Over the next 3 days my symptoms just got worse. I was told I had a concussion. I wasn’t able to see clearly out of my left eye and for whatever reason my left arm wasn’t working properly but I thought that was a normal side effect of getting hit in the head.
After a few days I decided to try and go to the grocery store and discovered I didn’t know where I was going. I didn’t remember my address. I didn’t know where I was, and the cars were so loud I couldn’t think. I started to throw up again and cry. I was 60 feet away from my house. The clerk at the convenience store across the street had to walk me back home.
My husband was worried. I was annoyed! I couldn’t do anything. I wasn’t able to go to work, care for my kids or even do basic things. My husband said that it would just take some time and we both agreed things could not possibly get worse. They did.
Strange things started happening. I woke up on the couch with a mouth full of blood, exhausted and sweating. I would be sitting eating breakfast and the next thing I knew my bowl was tipped over and I was covered in cereal. I stopped eating hot food as I burned my lap once and I couldn’t remember spilling it. On the weekend my husband was in the basement and came up the stairs to see what I wanted as I had been knocking on the floor.
I wasn’t knocking. It was my head repeatedly hitting the floor — I was having a seizure.
Things moved rather quickly after that. Neurologists, MRIs, EEGs, more EEGs. During these appointments it was also confirmed something that I already knew but would never admit.
I couldn’t read.
A 33-year-old woman who always had something to read tucked in her purse and would skip nights of sleep just to finish a novel was now unable to read street signs or instructions.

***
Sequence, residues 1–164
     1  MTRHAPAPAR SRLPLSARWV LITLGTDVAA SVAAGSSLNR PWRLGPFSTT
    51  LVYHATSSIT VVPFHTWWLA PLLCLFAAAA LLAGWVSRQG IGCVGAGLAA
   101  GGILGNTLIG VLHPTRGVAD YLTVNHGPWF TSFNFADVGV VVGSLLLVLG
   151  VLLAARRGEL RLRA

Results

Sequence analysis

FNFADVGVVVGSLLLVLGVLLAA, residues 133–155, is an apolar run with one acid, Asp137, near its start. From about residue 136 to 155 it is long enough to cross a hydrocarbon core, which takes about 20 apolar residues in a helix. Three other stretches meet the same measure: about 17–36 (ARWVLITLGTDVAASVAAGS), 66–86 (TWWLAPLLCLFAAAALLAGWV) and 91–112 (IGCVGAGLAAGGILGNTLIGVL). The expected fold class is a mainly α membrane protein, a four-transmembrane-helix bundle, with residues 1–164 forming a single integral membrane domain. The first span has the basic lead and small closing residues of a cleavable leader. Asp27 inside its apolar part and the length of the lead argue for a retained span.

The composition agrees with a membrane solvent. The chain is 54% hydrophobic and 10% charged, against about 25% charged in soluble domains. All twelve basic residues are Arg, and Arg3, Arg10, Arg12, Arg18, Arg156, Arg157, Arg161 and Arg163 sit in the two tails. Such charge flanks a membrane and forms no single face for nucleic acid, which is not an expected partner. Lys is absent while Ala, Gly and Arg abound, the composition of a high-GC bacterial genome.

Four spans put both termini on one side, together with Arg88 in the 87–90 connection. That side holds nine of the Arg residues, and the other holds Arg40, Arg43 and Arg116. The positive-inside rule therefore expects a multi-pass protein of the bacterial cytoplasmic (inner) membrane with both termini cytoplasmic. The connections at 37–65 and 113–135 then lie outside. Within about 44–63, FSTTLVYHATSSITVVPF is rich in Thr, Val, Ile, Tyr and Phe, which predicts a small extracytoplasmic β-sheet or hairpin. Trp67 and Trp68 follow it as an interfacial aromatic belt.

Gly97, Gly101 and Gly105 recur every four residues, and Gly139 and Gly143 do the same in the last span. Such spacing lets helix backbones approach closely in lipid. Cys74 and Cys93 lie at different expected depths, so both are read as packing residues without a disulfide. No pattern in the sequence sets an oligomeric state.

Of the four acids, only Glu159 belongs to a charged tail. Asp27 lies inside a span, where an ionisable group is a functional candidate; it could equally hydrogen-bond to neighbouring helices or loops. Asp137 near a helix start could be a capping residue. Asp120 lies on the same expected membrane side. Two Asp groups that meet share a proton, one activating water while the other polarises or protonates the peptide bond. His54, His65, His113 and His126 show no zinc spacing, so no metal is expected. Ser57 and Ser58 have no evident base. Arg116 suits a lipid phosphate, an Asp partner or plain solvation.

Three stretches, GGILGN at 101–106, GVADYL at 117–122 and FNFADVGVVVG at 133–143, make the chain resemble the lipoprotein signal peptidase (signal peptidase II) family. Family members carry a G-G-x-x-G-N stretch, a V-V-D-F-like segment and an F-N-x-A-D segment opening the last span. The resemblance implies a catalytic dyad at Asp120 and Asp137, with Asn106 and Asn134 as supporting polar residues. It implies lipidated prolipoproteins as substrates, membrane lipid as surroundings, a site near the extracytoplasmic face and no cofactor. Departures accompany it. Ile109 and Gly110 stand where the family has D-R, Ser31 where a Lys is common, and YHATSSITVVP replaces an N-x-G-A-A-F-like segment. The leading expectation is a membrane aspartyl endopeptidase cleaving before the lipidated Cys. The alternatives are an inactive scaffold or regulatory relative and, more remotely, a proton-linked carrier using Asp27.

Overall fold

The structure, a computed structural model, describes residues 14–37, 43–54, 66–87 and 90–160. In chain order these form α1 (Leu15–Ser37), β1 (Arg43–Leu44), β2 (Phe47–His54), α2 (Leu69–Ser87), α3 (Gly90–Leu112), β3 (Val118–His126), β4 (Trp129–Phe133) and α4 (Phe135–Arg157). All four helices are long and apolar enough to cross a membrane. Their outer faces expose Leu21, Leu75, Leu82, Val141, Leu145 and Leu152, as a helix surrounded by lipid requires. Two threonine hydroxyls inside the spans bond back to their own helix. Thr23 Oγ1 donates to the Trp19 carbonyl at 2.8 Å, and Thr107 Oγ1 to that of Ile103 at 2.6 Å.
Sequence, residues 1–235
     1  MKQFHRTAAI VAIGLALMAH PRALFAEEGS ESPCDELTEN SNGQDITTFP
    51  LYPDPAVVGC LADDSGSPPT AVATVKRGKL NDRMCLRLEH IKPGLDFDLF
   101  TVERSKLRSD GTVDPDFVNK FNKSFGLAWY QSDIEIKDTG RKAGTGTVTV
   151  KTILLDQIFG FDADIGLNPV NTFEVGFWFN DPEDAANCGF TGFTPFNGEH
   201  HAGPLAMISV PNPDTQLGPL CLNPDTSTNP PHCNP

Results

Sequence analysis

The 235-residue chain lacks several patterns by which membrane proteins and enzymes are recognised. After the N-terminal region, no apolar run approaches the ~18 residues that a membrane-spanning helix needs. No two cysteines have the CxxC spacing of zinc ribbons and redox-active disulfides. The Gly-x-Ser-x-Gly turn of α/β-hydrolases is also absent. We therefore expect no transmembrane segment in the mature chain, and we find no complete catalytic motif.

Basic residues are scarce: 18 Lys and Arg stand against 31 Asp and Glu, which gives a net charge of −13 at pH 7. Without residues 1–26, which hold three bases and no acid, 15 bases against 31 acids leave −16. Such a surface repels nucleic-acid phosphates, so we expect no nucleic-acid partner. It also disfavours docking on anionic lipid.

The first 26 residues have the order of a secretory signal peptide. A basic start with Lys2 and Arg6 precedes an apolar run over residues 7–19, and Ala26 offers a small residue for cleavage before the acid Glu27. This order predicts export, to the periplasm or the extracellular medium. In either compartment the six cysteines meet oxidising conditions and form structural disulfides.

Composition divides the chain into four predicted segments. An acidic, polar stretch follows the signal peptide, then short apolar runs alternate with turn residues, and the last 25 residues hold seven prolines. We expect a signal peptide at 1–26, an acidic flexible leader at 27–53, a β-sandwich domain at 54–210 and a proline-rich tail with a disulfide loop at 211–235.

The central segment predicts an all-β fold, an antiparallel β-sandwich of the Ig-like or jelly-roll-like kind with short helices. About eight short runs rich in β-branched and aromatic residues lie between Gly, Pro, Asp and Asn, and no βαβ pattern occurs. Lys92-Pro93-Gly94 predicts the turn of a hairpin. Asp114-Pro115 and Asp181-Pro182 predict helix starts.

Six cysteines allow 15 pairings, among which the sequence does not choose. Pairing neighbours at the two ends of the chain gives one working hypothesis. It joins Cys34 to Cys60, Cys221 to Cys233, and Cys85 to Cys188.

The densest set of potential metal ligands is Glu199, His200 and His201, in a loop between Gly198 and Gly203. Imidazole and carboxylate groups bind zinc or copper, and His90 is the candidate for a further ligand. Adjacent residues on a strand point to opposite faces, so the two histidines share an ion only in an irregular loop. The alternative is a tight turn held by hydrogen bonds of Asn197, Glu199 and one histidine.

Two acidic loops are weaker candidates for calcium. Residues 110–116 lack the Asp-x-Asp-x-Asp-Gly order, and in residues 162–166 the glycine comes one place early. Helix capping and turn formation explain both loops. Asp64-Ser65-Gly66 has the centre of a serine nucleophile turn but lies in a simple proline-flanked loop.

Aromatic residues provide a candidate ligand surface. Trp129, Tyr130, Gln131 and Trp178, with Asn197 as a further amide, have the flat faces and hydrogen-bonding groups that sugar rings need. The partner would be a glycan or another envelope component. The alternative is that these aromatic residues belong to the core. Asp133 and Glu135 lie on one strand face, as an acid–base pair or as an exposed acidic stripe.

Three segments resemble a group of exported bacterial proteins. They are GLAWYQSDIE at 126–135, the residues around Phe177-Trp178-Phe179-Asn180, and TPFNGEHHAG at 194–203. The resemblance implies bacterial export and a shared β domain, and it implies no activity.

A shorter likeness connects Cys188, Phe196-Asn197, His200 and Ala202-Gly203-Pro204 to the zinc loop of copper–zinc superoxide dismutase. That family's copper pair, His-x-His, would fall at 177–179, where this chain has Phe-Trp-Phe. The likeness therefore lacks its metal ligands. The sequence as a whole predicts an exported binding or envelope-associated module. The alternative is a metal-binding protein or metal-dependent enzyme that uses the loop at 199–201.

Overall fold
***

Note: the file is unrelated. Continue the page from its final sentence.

In one week I was told the following:
I was not to pick up my children or carry them (my youngest was 18 months). If I had a seizure, I could drop them
I was accepted onto Long Term Disability. My neurologist did not feel like this would resolve in less than 2 years.
I was accepted into the Acquired Brain Injury program where I was going to work with a team who would help me daily to use memory aids, learn how to go grocery shop and work to control my rage filled outbursts that often accompany traumatic brain injuries.
Often times you hear of people who at their lowest points muster up the energy to do great magical things. This was not one of those times.
I repeatedly told my husband to leave me. I cried all the time. We ended up selling our house on a major street as even with earplugs I could not stand the noise of traffic and people.
My rehab team had me make a list of things I wanted to accomplish in the next 6 months. This was my list:
Pick up my children from school and daycare
Do grocery shopping
Make dinner 1x a week
Read simple passages and phrases
And that is what I did. I worked full time at getting better. I began to learn to read again with my 4-year-old (I still hate those frog and toad books); I learned how to grocery shop by just buying the exact same things all the time; I wore earplugs to control the noise outside; I went out with only one person at a time as groups of people were overwhelming. I saw specialists to help control the crippling headaches, so I was not confined to my bed after 5:00pm.
After 1.5 years I had gone through my list and 3 other lists. One night after I had made dinner — all by myself — my husband said to me: “Well if you can do this, you can do anything. What do you want to do?”
I spent over a year of my life worrying that if I fell asleep, I wouldn’t wake up and that I would never see my children again. I worried I would have a seizure on the street and get hit by a car.
I wanted to work. I used to love my job. I decided to try to work for myself so that I could take it slowly and also spend much needed time with my kids that I felt I had lost to over 140 appointments and hours in rehab and waiting rooms.